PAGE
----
Former Hound football coach Goode dies at 74

By Eric Butler

Dunny Goode, a former Eastern New Mexico University football coach who was also credited by many with beginning a high school football dynasty in Clovis, died early Tuesday morning at Plains Regional Medical Center.
Goode, 74, suffered from the effects of Alzheimer’s disease over the last 2 1/2 years and was admitted to the hospital last week, friends said.
Taking over the Clovis High football program in 1973, Goode led the Wildcats to two state championships in five years, including an undefeated season in his first season.
“Clovis always had good football teams. But I think Dunny was the one that got them over the edge,” said current Clovis coach Eric Roanhaus, who took over for Goode in 1978 when his mentor left for Eastern New Mexico University and has led the school to 10 state titles.
“He’s the one that created the monster — and I’ve been trying to feed it ever since.”
Goode went 21-29-1 in five years at ENMU. He later coached at Roswell Goddard, Farmington High and El Paso Austin.
A two-way college star at Hardin-Simmons University in Abilene, Goode was the Washington Redskins’ top draft choice in 1951. But, only hours after being informed of that news, Goode found out he had been drafted by the U.S. Army.
Goode managed to talk his way into the Air Force, which enabled him to train with the Redskins.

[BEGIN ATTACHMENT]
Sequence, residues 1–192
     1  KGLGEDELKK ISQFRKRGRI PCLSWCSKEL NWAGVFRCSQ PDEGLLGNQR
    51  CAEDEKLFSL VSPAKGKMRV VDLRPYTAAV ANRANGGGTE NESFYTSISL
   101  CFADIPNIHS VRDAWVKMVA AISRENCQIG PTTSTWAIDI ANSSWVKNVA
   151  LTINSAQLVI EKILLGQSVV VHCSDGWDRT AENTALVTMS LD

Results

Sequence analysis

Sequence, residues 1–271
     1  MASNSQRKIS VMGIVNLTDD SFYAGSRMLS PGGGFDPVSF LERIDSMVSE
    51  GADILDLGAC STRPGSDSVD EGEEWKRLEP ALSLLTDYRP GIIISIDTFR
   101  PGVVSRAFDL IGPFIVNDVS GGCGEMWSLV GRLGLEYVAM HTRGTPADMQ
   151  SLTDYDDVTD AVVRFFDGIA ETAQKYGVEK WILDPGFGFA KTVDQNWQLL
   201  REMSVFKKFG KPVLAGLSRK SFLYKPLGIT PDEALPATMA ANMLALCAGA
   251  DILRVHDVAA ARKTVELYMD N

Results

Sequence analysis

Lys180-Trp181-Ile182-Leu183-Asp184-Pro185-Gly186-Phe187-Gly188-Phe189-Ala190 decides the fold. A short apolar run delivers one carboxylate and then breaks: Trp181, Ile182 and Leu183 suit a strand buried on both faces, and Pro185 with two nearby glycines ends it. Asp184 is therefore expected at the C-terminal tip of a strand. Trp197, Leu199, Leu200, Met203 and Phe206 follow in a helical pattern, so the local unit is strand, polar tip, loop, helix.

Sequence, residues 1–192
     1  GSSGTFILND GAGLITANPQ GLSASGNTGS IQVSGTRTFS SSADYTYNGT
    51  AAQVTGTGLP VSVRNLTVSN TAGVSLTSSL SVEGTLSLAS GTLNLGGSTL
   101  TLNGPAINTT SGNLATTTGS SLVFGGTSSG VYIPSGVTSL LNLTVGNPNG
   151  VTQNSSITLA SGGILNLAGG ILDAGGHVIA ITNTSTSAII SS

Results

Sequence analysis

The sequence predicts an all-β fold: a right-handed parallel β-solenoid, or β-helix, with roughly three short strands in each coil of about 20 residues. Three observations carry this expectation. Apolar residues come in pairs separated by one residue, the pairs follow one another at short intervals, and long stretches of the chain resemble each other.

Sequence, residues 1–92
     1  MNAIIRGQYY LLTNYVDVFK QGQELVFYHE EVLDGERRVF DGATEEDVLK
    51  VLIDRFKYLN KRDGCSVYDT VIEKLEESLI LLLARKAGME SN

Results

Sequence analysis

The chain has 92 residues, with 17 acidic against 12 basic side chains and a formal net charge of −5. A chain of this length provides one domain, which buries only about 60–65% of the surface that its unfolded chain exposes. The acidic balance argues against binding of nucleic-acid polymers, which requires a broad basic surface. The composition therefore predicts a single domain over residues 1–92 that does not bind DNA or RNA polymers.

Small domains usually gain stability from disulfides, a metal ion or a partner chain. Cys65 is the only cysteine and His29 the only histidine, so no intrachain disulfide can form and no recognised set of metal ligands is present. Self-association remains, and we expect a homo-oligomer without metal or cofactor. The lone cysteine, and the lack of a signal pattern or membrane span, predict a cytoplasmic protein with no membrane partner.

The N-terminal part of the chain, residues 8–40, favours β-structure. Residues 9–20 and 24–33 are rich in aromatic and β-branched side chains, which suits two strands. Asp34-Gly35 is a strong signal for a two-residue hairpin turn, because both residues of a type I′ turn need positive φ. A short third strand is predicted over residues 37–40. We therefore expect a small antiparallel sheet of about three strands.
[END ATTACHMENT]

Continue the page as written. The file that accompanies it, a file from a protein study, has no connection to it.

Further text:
“They said they would move him close to Washington D.C., so he could still work out with the team,” said Bear Goode, Dunny’s son. “About a week before the first game, they sent him out to Korea anyway.”
After military service, Goode took a job as a graduate assistant at Hardin-Simmons. His first high school coaching position was at Lefors in the Texas Panhandle.
In 1973, Goode was coaching at Marshall Junior High in Clovis when he was asked to apply for the high school head coaching job, Bear Goode said.
Roanhaus said he always referred to Goode as the only person who had ever hired him.
After playing at West Texas State University, Roanhaus was hired as an assistant at Canyon (Texas) High by Goode.
When Goode got the Wildcats’ top job, he hired Roanhaus again.
“He had a great impact on football in the state of New Mexico and certainly in Clovis,” Roanhaus said. “He leaves behind a lot of friends and admirers and he was just like a father to me all those years.”
Goode’s wife, Betty, preceded him in death in 2000.